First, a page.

Whether asking about parties or current leaders, Britons would rather see the Conservatives handle terror and security issues than Labour
Despite the recent London Bridge attacks taking place on the Conservative Party’s watch, new YouGov data shows that the public are twice as likely to trust the Tories to handle issues of security and terrorism than Labour.
Some 43% of Britons would rather Conservatives take the lead, and only 21% Labour. Likewise, 45% trust Boris Johnson, and only 22% Jeremy Corbyn.
These figures are partisan, as you would expect, with those planning to vote Conservative more likely to trust the Tories and Johnson, and those planning to vote Labour more likely to trust Corbyn and his party.
More revealing is the lack of trust in Labour and Corbyn on the issue even among those who intend to vote for the party.
While 93% of prospective Tory voters trust Johnson over Corbyn, and 91% the Conservative Party over Labour, these figures fall to only 60% of potential Labour voters who trust Corbyn over Johnson and 59% who trust Labour over the Conservatives.
That being said, few Labour voters actually trust the Tories or Boris Johnson more (between 7% and 8%), but instead are much more likely to answer “don’t know” than their Conservative counterparts.
Britons want to see an end to automatic early release for terror suspects
The policy of automatic early release of prisoners has come under intense scrutiny, as the London Bridge attacker was revealed to have been freed under it. Our survey also finds that ending this practice has near-universal support.
Fully 82% of Britons would support a ban on early release for those convicted of terror-related crimes, including 95% of those planning to vote Conservative, 75% Labour and 79% Lib Dem. Only 9% of Britons are opposed.
A similar proportion of Britons (85%) would also be in favour of longer prison sentences for terrorists.
These are policies that the public also thinks would work. Two thirds of Britons (66%) think a ban on automatic early release for terrorists would significantly reduce the chance of terror attacks happening, although this indicates that some support the policy without thinking it will have any effect.
A majority (57%) also think that longer prison sentences would have a similar impact in reducing the terror risk. Most Britons also think increased surveillance of terrorists would help (77%), as would more police officers on the streets, but just 29% say the same of increased investment in rehabilitation.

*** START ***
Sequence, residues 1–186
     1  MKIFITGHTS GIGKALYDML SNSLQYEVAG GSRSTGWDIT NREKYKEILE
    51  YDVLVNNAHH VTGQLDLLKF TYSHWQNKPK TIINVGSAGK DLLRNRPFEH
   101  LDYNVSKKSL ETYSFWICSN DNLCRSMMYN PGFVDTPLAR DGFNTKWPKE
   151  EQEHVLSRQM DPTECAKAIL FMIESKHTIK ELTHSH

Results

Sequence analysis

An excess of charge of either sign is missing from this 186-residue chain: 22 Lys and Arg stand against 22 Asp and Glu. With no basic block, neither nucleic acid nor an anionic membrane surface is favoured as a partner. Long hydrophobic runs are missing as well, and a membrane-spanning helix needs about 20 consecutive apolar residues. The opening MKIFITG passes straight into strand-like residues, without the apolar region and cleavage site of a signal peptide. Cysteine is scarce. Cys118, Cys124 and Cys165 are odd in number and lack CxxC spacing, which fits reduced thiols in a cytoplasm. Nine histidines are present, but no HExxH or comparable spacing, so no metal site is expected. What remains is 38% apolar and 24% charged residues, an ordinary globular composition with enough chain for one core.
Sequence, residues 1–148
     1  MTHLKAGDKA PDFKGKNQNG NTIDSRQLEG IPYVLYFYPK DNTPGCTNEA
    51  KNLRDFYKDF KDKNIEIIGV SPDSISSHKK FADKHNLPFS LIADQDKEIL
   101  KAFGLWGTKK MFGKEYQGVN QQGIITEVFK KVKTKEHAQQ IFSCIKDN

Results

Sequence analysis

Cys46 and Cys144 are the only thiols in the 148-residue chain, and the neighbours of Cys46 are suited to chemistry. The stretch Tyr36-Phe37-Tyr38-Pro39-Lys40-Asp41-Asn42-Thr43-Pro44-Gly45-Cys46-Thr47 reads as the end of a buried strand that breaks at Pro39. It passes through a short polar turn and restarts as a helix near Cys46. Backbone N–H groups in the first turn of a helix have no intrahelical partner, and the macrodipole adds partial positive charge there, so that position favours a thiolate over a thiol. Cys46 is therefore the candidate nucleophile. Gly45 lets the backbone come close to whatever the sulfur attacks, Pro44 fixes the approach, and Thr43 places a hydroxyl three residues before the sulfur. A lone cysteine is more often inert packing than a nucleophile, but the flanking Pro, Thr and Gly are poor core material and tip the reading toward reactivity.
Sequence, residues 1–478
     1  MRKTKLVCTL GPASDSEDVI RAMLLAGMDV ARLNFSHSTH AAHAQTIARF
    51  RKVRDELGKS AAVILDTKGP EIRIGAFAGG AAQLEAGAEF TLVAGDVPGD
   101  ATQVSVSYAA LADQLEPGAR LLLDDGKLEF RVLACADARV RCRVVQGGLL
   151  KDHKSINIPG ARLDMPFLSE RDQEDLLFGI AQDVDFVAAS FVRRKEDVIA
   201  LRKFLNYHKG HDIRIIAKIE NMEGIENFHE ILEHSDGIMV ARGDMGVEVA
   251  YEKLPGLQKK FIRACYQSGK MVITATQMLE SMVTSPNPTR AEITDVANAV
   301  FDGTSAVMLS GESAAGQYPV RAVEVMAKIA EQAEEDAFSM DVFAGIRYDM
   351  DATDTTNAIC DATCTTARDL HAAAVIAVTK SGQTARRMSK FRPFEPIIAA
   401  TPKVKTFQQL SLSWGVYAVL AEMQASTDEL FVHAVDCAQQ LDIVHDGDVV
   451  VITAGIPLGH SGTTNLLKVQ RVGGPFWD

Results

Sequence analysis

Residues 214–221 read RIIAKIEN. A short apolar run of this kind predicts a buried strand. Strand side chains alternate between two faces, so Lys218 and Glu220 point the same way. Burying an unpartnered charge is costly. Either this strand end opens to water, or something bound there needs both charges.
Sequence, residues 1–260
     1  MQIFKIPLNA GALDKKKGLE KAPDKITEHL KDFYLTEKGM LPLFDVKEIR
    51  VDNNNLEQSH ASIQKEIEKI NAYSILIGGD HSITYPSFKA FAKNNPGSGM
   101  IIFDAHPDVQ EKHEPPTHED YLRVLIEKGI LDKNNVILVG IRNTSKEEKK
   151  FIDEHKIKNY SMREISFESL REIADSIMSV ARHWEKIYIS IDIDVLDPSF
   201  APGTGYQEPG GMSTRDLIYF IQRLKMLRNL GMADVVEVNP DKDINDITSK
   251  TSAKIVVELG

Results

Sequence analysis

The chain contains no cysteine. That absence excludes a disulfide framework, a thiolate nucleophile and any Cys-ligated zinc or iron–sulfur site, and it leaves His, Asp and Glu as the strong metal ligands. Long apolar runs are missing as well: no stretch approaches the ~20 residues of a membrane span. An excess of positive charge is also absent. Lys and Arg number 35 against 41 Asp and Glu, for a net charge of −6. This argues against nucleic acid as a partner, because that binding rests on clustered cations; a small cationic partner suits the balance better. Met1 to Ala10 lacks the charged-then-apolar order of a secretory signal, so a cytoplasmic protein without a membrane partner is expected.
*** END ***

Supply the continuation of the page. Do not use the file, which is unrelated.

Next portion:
This is perhaps unsurprising given that a separate YouGov survey this week found that 57% of Britons think it is only rarely possible – if at all – to rehabilitate those who have committed terror offences.
Attitudes to terrorism tracker data shows the impact the London Bridge attacks had on public opinion
YouGov has a longstanding set of standard questions on attitudes to terrorism which have usually been run in the wake of major incidents.
At the beginning of last month, however, these trackers were run in response to the Government’s downgrading of the terror threat level from “severe” to “substantial”. This means that, for the first time, we can compare public attitudes soon before and immediately after a terror attack.
Even in early November, mere days after the Government had downgraded the terror threat level for the first time in five years, 47% of Britons said that they felt that the danger of terrorism had increased over the same time period. Following the London Bridge attacks this figure now stands at 62%.
Confidence in the Government’s handling of the terror threat has slumped. Prior to the attacks 64% thought the Government were dealing with the matter effectively, compared to 20% who disagreed. After this most recent attack only 45% think the issue is being handled well, while 39% now think it’s being handled badly.
The overwhelming majority of Britons were already braced for terror attacks, with 80% thinking such attacks were likely when asked in early November. Asked again at the beginning of this month and this figure has increased to 87%.
Effectively unchanged, however, is people’s expectation that their own lives will be affected. Three quarters of Britons (74%) said that the odds that they themselves or a loved one would be harmed in an attack were low or non-existent in November. As of this week that figure remains exactly the same.
Only 10% think there is a high risk to themselves – within the margin of error from the 8% it was last month – although this figure is higher in London at 16%.